Academic scholarships, which are also known as merit scholarships, presidential scholarships, trustee scholarships and chancellor scholarships, are used by less-selective colleges to recruit academically talented students. Award amounts vary from a few thousand dollars to full-tuition scholarships. Some academic scholarships also cover room and board and, occasionally, books and supplies.
Typically, academic scholarships are awarded by the admissions office, not the financial aid office, and do not require a separate application form. Academic scholarships are awarded to a small percentage of prospective students based on high school grade point average (GPA) and SAT/ACT admissions test scores. Some are restricted to students who are valedictorians or salutatorians or to students with high class rank.
Most academic scholarships are renewable, but recipients are required to maintain at least a minimum academic performance to retain the scholarship in subsequent years.
The most well-known source of academic scholarships are the National Merit Scholarships awarded through the National Merit Scholarship Corporation. Students enter this scholarship competition by taking the PSAT/NMSQT in October of the junior year in high school. More than 4,000 college-sponsored merit scholarships and more than 1,000 corporate-sponsored merit scholarships are awarded each year through this program.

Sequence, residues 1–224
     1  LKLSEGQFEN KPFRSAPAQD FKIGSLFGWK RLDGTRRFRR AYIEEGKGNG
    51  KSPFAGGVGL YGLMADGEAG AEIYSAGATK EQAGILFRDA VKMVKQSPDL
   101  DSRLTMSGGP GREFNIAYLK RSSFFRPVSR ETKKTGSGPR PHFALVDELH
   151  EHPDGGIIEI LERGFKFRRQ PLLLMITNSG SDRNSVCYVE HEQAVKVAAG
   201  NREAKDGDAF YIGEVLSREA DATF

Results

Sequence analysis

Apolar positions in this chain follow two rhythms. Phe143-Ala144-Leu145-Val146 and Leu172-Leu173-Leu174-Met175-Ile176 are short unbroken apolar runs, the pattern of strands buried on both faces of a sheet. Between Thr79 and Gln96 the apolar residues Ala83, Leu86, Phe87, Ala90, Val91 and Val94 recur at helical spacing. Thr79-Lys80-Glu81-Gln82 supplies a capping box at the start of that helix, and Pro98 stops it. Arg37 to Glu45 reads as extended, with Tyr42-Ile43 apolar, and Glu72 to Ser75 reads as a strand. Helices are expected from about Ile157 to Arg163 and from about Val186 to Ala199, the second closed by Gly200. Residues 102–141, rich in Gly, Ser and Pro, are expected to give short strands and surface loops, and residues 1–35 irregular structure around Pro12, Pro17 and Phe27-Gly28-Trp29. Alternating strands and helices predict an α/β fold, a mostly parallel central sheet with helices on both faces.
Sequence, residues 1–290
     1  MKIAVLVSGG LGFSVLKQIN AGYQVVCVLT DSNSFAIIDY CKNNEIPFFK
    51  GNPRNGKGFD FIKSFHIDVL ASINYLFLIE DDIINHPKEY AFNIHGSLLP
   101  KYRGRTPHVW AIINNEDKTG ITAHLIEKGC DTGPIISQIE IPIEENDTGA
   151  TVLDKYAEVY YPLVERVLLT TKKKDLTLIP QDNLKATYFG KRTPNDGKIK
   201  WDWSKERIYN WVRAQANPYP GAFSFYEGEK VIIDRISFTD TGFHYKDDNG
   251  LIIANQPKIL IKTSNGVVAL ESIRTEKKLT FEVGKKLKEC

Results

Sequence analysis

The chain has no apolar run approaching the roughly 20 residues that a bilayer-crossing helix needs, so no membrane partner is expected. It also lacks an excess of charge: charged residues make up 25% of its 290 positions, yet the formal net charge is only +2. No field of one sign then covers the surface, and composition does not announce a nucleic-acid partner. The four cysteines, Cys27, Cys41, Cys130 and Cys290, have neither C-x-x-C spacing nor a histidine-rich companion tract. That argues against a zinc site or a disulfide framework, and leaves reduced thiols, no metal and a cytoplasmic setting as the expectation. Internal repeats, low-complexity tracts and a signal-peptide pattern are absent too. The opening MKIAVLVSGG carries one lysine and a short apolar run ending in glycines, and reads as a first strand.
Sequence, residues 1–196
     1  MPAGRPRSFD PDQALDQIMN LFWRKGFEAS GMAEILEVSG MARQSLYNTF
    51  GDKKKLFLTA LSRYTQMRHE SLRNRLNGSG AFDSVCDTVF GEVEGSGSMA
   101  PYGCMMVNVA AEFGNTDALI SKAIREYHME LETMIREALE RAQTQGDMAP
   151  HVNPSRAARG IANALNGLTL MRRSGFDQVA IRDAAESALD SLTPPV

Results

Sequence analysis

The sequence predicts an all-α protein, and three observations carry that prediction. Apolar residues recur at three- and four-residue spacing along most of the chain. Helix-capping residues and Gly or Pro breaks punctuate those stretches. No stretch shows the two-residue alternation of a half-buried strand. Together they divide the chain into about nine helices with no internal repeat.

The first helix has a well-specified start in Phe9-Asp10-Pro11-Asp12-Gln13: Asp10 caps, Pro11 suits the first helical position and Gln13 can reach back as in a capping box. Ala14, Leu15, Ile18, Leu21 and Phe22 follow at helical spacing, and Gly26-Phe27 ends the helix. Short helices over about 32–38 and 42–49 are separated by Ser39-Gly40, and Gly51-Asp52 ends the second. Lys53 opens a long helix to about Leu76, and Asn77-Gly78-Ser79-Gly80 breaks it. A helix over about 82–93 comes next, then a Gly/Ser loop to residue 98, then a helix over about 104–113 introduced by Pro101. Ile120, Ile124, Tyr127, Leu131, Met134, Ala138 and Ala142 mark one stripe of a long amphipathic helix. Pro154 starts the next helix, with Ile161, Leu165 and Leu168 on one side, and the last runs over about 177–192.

The Stamps Family Charitable Foundation also funds full-tuition academic scholarships at several dozen U.S. colleges and universities.
Academic scholarships are restricted to students who enroll at the college or university that sponsors the award. The easiest way to find these awards is to look on the web sites of the colleges of interest to the student. Googling the name of the college and “academic scholarships” or “merit scholarships” can also help locate information about academic scholarships offered by the college.
Some scholarship matching services list academic scholarships in addition to private scholarships, but only for the colleges that the student lists in his or her background profile.
The web site MeritAid.com allows students to search for colleges that offer academic scholarships that match the student’s academic credentials. U.S. News publishes a list of colleges with the Most Students Receiving Merit Aid. But both of these sources include non-need-based aid, not just academic scholarships. They include many colleges that indiscriminately award small grants to almost every admitted student as part of a strategy that involves front-loading of grants.
This list includes only the colleges and universities that offer full-tuition academic scholarships. A full-tuition academic scholarship provides a big incentive for academically talented students to consider enrolling at a less-selective institution.
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